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Public Participation in Scientific Research (PPSR) refers to intentional research collaborations between professional scientists and members of the public, where the initiative aims to build on established knowledge and to contribute new understandings. PPSR efforts have emerged from a variety of social and academic traditions ranging from participatory action research in the fields of development studies and public health, to citizen science projects with a long history in ornithology and astronomy research, to water quality monitoring and community-based natural resource management. In contexts of conservation and ecology, such efforts invariably confront the complexity of questions and issues related to people in their environments.
As such, there are demands for PPSR initiatives in these contexts to meet complex and often multiple goals, generally for multiple constituents. Across the range of PPSR projects operating in conservation contexts, project goals and outcomes tend to fall into three main categories: those for research (e.g., scientific findings), for individual participants (e.g., access to information or acquiring new skills), and/or for socio-ecological systems (e.g., influencing policies, improving communities, and/or taking conservation action). Until recently, little in the way of empirical data has been available to inform design choices regarding what types of approaches yield what outcomes, and thus it can be difficult for project leaders and collaborators to make strategic decisions about aligning goals, outcomes, and tradeoffs in the design and refinement of projects.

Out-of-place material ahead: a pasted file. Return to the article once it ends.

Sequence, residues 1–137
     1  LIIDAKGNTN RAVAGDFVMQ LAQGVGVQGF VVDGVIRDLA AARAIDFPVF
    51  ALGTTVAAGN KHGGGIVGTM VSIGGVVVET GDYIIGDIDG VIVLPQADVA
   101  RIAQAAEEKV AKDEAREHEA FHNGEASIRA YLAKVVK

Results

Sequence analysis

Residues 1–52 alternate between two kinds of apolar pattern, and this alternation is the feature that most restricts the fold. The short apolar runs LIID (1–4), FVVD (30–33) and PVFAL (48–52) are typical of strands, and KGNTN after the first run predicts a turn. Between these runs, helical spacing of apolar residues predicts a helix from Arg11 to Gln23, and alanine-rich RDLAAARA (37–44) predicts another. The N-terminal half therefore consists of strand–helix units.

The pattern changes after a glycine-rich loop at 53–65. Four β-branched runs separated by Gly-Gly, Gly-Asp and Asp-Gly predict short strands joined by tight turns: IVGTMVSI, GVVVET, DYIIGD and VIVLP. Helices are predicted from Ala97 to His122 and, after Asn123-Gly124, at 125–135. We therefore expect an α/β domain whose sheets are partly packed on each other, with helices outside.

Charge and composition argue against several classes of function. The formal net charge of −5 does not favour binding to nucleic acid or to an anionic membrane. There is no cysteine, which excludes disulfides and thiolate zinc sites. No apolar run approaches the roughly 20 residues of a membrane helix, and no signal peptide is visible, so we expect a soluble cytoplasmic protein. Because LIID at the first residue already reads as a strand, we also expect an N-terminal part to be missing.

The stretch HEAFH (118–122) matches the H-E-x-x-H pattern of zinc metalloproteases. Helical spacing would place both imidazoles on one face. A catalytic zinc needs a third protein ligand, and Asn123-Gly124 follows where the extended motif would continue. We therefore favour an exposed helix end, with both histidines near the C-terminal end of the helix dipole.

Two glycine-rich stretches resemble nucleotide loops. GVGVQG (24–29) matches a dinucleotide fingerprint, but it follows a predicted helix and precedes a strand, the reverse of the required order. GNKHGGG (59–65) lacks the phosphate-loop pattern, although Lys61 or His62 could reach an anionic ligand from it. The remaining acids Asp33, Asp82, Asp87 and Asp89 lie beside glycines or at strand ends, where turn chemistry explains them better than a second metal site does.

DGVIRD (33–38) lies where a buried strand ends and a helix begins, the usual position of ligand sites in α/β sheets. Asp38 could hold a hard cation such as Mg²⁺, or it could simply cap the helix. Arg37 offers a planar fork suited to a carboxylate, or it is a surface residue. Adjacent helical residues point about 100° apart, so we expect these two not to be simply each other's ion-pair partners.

We discuss how recent work in multiple traditions converges to describe three different models of public participation in scientific research (PPSR), all suggesting that the degree to which the public participates in a given scientific research endeavor is a key predictor of project outcomes. These intentional collaborations can also be understood as operating within a common logic framework, which acknowledges the multiple, integrated goals of such projects and considers how the degree and quality of participation relates to specific outcomes. Designers and facilitators of initiatives involving public participants in scientific research can use the framework and models to reflect on relationships between their approaches to collaboration with public audiences and observed outcomes, and may consider how applying ideas from other approaches could more intentionally target their goals.
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